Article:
modes, READ, WRITE, APPEND, and UPDATE. These four modes offer differing file access modes
that allow you to just read, to clear and write, to append to the end of a file, or to read and write at
the same time.

When opening files asynchronously, a file’s contents are available while it is loaded into the
FileStream object much like a file is downloaded when accessing Web-based content. The
available data is represented by bytesAvailable. For most files, you’ll notice only a very short
delay between 0 bytes available and all bytes available. During this delay, your application is in
a paused state when using the synchronous version of open(); when using the asynchronous
version, openAsync(), your application is to perform other tasks while it opens the file.

It’s a good idea to use the asynchronous version of open() because it can be invasive to the user
experience to have all animation and interactivity paused in your application even if only for a brief
moment. To use the asynchronous openAsync() open method, add an Event listener to your
FileStream object just as you do for all the asynchronous File and FileStream methods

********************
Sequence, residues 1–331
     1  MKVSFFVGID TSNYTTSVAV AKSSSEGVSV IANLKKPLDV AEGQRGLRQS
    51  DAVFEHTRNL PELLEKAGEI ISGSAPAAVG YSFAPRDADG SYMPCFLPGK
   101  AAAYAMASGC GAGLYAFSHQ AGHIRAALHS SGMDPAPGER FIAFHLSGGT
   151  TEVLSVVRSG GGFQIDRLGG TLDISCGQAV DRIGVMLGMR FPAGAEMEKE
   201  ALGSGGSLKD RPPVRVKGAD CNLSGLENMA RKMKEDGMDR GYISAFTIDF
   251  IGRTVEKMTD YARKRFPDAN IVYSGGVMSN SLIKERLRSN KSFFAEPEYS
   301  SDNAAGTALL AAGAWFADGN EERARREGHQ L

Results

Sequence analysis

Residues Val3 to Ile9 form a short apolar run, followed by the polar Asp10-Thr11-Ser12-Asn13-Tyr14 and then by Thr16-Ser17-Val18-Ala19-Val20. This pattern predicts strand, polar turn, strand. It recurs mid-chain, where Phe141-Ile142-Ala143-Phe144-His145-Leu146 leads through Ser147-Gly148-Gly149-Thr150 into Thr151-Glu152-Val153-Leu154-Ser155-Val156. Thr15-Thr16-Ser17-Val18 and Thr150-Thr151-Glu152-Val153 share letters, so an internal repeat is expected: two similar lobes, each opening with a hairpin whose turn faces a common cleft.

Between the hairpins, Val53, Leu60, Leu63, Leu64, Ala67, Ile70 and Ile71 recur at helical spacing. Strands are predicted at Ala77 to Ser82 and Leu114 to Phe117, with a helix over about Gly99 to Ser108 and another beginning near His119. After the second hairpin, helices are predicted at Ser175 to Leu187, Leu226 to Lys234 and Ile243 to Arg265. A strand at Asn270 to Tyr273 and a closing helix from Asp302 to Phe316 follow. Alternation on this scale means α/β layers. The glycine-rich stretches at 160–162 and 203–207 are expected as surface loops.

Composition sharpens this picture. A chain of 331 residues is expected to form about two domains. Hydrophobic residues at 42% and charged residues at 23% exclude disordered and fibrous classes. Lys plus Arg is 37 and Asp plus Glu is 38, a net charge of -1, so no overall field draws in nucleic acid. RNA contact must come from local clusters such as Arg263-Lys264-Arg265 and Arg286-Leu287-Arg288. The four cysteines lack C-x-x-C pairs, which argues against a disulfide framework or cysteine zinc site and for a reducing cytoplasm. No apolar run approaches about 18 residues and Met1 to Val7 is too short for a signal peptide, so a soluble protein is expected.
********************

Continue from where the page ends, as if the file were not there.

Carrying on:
that include asynchronous versions.

Once a file is opened using FileStream, there are several methods for reading and writing files
in several data formats and encodings, such as float, int, multibyte, object, short,
unsigned int, UTF, and UTF Bytes.




                                                                                                   123
Part III    AIR API


           Working with XML
           Working with XML locally is similar to working with XML files using URLLoader and is a conve-
           nient way to store and retrieve data without using a database. See Chapter 11 for more details.

           Reading a local XML file is as easy as using FileStream to access the file and casting the bytes to
           an XML object as shown in Listing 8.9. Write the XML to a file by opening the file in FileMode.
           WRITE mode as shown in Listing 8.10.


     LISTING 8.9
     var fl:File = File.documentsDirectory.resolvePath(“myXML.xml”);
     var fs:FileStream = new FileStream();
     fs.addEventListener(Event.COMPLETE, processXMLData);
     fs.openAsync(fl, FileMode.READ);
     var xml:XML;

     function processXMLData(e:Event):void
     {
         xml = XML(fs.readUTFBytes(fs.bytesAvailable));
         fs.close();
     }




     LISTING 8.10
     var fl:File = File.documentsDirectory.resolvePath(“myXML.xml”);
     var fs = new FileStream();
     fs.open(fl, FileMode.WRITE);

     var xml:XML = new XML;
     xml = ‘<?xml version=”1.0” encoding=”utf-8”?>\n<myXML></myXML>’;

     fs.writeUTFBytes(outputString);
     fs.close();




   124
                                                                               Using the Filesystem              8